Syrian security forces shoot protesters Dozens reported dead in bloodiest day of uprising so far as "Great Friday" demonstrations rock several cities
April 22, 2011
As many as 70 people were reported to have been killed in Syria on the bloodiest day of the uprising, as security forces use live ammunition and tear gas to quell anti-government protests across the country.
Activists sent a list naming 70 people from across the country who they said had been killed by security forces during the "Great Friday" protests.
Fifteen of the deaths took place in Izraa, near the flashpoint southern town of Daraa, according to the list. One person was killed in Damascus, where security forces also fired tear gas to disperse protesters, other sources confirmed.
This was the first death at the hands of security forces in the capital since the uprising against the government of Bashar al-Assad began.
Deaths were also reported in the Damascus suburb of Douma, as well as in Homs, Syria's third largest city, and in Daraa and other towns.
The protesters took to the streets to mark what activists dubbed "Great Friday" - protests that could turn out to be the biggest against the government to date.
Al Jazeera's Rula Amin reported from Damascus, which until now was relatively calm, that the level of tension in the city on Friday marked a new point in the uprising.
"This day is turning into a very bloody day, probably the bloodiest since the protests started," she said.
In the capital, however, a heavy security presence prevented protests from taking off.
"Obviously the government wanting to make a point, the capital is a redline and they will not allow the protests to reach the capital."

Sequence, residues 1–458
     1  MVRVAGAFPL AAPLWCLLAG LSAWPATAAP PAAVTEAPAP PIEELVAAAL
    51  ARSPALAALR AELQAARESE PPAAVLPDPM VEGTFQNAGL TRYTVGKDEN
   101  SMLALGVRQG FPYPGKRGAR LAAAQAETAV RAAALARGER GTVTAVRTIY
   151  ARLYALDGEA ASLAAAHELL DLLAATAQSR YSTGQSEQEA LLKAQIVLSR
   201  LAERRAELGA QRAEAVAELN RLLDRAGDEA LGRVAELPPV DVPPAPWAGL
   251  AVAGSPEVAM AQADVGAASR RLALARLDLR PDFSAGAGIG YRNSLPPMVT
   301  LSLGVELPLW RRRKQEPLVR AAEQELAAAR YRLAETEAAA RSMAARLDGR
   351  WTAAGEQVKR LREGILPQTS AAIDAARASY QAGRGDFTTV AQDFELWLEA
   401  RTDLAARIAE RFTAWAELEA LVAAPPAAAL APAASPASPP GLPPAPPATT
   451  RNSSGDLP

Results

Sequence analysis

Referring to the use of live bullets and tear gas by security forces across the country, she said that the level of violence has escalated.
A government spokesperson told Al Jazeera on Friday that security forces would fire on protesters only if they were fired upon first.
State television, meanwhile, aired a talk show where speakers blamed foreign media, including Al Jazeera, Al Arabiya and BBC Arabic, for inciting the protests.
Violence in Homs
A witness in Homs told Al Jazeera by phone that one of those killed in the city by government officers was a 25-year-old protester named Mohammed Bassam al-Kahil.
Speaking under condition of anonymity, the activist described how about 200 protesters, moving ahead of a 3,000-strong group, came under fire as they marched down Cairo Street, close to the Clock Square that has been the city's focus for protests.
"Suddenly the security opened fire on us randomly," the man said.
Meanwhile, a witness in Hasakah, in Syria's mainly Kurdish northeast, told Al Jazeera that demonstrators gathering at a mosque after prayers were attacked by pro-government protesters.
Syrian activists co-ordinating the protests against al-Assad's rule have demanded the abolition of his Baath Party's monopoly on power and the establishment of a democratic political system.
In the first joint statement since protests erupted five weeks ago, the Local Co-ordination Committees, representing provinces across Syria, said "freedom and dignity slogans cannot be achieved except through peaceful democratic change".